Getting the placenta was super easy this time around. I merely looked down into the pool and noticed a bit of a red cloud forming around me. Michelle reached down while I gave a light push and out it came, intact. We took a similar journey from the kitchen to our bedroom, where Lucas and I were cleaned up. It’s 12:45 when my parents walk through the door, barely missing it!

Unlike last time, I tore a little and needed two stitches. This boy practically shot out of me, my body didn’t have time to stretch and adapt around him. He was measured and weighed, Andrew held him while mom got me a snack. I’ll never forget the next couple of minutes, where I sat on the edge of my bed next to my midwife in silence, just the two of us, sharing a pupusa. Both of our jobs had been completed; now, the feast. It was one of the most emotionally and physically satisfying meals I’ve ever had.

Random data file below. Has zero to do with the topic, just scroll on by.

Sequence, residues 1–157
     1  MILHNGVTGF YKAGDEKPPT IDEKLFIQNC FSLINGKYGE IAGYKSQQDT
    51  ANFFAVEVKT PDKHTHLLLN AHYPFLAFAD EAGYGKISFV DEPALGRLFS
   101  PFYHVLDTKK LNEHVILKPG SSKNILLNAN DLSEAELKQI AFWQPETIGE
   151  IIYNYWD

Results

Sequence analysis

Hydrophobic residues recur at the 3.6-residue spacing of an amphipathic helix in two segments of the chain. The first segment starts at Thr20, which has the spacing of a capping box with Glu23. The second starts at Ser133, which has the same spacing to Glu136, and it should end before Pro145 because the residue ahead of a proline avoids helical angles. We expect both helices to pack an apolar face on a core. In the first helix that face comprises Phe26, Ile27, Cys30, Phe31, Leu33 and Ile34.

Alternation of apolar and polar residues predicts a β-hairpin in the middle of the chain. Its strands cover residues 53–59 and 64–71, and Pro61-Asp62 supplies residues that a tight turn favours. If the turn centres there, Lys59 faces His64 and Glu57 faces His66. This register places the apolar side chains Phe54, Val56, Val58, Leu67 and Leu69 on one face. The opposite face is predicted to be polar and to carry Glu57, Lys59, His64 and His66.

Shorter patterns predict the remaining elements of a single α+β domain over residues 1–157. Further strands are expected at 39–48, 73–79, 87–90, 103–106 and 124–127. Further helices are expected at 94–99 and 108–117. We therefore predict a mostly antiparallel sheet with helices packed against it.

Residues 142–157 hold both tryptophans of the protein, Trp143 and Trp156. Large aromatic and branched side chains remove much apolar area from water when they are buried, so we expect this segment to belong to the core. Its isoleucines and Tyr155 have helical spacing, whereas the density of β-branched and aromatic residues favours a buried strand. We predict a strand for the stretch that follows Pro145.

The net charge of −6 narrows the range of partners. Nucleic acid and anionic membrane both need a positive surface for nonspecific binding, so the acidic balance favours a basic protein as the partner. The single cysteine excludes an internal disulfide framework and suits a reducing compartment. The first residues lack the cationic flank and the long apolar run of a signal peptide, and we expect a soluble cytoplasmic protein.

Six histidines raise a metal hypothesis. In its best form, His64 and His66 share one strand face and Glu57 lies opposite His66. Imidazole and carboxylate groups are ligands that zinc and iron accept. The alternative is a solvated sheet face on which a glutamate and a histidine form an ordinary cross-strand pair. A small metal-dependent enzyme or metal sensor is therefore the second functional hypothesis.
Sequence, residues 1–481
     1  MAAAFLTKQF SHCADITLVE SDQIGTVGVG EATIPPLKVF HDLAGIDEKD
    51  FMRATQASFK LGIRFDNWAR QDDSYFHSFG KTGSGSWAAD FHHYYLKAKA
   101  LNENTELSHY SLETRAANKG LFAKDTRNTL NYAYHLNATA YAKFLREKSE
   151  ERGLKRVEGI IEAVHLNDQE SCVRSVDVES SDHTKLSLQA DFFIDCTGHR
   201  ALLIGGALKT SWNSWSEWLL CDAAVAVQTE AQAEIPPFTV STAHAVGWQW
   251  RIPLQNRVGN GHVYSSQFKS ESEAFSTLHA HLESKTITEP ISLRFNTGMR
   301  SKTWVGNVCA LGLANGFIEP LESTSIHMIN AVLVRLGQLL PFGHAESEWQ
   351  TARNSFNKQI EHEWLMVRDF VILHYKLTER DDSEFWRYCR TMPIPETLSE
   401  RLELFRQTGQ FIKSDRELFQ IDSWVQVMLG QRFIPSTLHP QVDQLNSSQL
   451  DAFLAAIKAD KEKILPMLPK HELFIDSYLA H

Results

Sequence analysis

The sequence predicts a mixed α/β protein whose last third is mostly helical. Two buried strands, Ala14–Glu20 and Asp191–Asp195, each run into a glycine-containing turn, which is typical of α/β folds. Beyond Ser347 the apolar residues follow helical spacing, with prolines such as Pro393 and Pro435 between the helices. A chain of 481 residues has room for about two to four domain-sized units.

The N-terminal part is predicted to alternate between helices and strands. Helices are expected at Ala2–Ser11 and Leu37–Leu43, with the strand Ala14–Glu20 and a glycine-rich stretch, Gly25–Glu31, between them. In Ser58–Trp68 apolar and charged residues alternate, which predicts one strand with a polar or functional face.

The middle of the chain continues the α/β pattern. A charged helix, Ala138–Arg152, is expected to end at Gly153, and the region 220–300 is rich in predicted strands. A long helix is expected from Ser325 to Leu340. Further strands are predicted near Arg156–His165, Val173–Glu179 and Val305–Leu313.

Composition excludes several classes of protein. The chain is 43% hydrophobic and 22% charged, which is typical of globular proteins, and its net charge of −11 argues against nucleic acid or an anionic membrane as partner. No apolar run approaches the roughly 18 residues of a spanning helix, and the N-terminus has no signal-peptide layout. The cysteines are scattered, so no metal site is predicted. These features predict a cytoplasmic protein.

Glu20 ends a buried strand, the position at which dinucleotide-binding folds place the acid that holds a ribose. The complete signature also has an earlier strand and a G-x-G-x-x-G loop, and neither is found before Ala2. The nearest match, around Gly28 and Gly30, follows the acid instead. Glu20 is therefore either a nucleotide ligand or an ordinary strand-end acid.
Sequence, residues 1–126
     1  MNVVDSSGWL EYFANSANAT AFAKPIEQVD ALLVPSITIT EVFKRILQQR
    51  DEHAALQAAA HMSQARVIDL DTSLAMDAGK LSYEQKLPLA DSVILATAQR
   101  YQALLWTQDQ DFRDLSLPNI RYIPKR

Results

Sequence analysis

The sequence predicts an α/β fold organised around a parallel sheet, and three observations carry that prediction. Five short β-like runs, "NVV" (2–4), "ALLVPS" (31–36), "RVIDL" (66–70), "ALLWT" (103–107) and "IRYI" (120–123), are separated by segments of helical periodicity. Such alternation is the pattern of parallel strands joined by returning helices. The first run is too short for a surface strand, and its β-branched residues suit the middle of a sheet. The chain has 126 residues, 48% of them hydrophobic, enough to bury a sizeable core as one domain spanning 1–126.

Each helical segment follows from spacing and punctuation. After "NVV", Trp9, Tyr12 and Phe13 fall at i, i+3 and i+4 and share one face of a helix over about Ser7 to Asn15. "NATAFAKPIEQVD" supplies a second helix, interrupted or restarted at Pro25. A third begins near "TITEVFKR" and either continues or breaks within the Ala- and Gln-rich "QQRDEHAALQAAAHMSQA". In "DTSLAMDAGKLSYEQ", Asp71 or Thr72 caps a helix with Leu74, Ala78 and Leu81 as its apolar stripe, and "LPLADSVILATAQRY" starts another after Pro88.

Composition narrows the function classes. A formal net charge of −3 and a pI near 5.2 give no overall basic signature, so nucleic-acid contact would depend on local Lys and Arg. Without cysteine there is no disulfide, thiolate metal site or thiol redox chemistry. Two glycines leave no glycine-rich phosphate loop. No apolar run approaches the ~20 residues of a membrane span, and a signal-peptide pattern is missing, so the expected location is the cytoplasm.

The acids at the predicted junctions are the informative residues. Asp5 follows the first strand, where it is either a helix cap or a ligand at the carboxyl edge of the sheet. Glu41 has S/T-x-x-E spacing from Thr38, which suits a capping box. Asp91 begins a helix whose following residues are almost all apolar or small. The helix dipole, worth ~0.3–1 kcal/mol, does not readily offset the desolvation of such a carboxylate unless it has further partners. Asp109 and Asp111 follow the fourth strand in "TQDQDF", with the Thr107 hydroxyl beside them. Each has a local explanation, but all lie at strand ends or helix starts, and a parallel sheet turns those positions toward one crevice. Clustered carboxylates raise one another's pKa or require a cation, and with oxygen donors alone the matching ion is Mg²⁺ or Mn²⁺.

We started the day on the couch, planning the day ahead. We ended the day on the couch, holding the greatest Father’s Day gift anyone could receive, and one I can never ever top.

Lucas, I was so scared to be your mom. I didn’t think myself capable of being a “boy mom.” Today, as I stare at your sleeping face, I cannot picture my family looking any different than it does now. You’ve taught me so much — patience, excitement, strength. Thank you for choosing us to be your family. We love you so, so very much.

October – November 2011

Oct. 23, 2012 — Ali's first time in a corn maze